The biggest issue in the past election was the out-of-control property taxes that are driving businesses and residents out of McHenry County and out of Illinois. I ran on a promise that I’d do my best to bring down that property tax burden by focusing on changing the way the state pays for education.
While the Governor’s bipartisan task force moves to turn its framework report issued last week into legislation, I’ve looked at other ways in which we can begin to bend the cost curve of education downward.
Unfunded mandates are one of the biggest drivers of increased property taxes in McHenry County. The practice of imposing regulations and programs upon our school systems without providing the funding to pay for it, thus putting the burden upon local property owners has gone on long enough.
One of the first bills I sponsored in Springfield is H.B. 378. It’s a bill that was proposed in the last session of the General Assembly but failed to make it out of the Rules Committee, where good legislation often goes to die. I picked it up and resubmitted it for consideration in this session.
In its simplest terms, it’s a bill that provides that if a rule is proposed under the Illinois Administrative Procedure Act, then any interested party may request a ruling as to whether the rule is a “State Mandate”. If the rule is found to be a State Mandate, then all of the time periods for objecting shall be tolled, and no “Certificate of No Objection” may be issued (clearing the way for implementation) until the rule has been approved by a joint resolution of the General Assembly.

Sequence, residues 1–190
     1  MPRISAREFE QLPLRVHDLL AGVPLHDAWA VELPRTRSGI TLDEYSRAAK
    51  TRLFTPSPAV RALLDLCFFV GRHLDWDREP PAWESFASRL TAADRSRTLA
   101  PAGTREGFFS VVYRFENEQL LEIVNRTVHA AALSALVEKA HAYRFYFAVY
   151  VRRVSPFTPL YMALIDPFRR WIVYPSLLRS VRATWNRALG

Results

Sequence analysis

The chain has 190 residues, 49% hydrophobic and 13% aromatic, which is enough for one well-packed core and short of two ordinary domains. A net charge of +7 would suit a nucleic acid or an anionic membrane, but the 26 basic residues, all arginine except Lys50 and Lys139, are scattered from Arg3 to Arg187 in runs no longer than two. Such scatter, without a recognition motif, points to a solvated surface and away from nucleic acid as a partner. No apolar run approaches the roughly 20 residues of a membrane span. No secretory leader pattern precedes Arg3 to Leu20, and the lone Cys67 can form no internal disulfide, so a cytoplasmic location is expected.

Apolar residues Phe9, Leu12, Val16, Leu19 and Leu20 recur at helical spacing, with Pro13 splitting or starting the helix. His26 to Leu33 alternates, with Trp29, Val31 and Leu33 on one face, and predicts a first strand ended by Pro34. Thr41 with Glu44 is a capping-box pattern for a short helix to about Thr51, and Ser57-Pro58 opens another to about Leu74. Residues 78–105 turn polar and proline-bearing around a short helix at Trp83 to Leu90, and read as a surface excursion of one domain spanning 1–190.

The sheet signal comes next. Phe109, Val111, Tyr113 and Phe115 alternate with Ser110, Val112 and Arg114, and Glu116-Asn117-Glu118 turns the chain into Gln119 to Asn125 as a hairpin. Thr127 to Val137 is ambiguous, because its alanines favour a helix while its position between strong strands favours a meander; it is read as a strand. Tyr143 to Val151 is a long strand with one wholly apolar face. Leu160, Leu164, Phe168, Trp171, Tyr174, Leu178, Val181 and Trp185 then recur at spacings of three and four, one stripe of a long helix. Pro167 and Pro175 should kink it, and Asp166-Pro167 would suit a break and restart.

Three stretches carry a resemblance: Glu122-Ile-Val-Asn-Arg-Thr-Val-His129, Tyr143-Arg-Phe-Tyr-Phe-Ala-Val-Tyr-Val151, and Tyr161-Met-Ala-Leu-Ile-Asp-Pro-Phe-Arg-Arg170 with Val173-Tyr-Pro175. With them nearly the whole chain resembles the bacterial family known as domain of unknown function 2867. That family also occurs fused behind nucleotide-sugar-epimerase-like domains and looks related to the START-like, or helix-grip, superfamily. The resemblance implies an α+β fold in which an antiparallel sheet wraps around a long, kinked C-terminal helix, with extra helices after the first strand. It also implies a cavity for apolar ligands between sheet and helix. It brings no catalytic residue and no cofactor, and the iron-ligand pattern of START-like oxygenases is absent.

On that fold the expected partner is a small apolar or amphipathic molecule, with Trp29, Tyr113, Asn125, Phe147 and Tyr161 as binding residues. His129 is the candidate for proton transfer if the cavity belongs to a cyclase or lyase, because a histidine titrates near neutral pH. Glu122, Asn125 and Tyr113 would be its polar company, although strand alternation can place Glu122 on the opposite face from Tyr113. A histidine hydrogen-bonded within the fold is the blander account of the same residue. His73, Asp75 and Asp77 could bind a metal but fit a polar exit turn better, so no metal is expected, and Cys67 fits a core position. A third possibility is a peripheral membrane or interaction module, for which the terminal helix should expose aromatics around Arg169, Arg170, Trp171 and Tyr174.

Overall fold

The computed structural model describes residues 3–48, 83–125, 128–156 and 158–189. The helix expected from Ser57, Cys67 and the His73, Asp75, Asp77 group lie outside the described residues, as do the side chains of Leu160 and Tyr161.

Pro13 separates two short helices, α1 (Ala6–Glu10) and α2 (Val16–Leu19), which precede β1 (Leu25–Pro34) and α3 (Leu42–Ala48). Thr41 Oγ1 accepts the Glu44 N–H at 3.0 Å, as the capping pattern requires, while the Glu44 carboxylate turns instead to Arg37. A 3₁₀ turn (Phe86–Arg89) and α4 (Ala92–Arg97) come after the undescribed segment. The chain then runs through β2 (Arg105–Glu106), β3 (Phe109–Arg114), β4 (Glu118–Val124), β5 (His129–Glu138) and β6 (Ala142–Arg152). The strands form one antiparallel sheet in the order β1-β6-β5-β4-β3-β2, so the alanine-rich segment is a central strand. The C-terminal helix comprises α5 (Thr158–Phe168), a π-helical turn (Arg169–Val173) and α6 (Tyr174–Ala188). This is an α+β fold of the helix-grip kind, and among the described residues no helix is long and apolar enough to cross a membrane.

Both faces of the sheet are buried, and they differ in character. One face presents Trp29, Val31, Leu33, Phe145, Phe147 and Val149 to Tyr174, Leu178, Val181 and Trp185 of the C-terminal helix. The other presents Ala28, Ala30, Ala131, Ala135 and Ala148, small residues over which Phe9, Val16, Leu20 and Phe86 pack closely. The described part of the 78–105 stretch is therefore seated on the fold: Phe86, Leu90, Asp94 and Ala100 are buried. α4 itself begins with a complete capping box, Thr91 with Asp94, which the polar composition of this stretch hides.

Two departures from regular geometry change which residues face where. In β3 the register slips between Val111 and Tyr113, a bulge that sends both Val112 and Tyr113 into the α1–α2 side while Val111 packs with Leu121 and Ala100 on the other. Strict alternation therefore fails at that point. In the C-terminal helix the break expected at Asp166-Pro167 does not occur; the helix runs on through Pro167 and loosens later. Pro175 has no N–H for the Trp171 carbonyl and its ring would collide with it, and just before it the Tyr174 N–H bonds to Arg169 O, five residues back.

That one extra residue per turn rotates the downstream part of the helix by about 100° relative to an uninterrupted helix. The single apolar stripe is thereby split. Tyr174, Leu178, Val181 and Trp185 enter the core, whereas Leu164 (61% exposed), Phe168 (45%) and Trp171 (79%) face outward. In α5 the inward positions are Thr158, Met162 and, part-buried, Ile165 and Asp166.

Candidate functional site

My bill does not stop the Illinois State Board of Elections from proposing and implementing new rules and policies, but it will give taxpayers the opportunity to fully assess their cost and push back against their implementation.
Furthermore, the requirement of a joint resolution places political accountability upon the General Assembly to raise taxes through an unfunded mandate instead of passing it off to unelected members of a state commission or agency. We’ve seen too many instances of Federal agencies such as the EPA imposing costly restrictions upon businesses and individuals, while Congress hides behind a wall of unaccountability. This bill short-circuits that process for state mandates on schools.
What I hope to accomplish with this H.B. 378 is to reduce the burden of unfunded mandates by placing the political cost upon those who have to stand in front of the voters every 2 or 4 years. I’m not optimistic for its passage; after all, it puts politicians into a position of having to take ownership of something that may cost them votes, not to mention the fact that the Speaker controls what bills ultimately make it to a vote on the House floor. But those aren’t good enough reasons to not give it a try.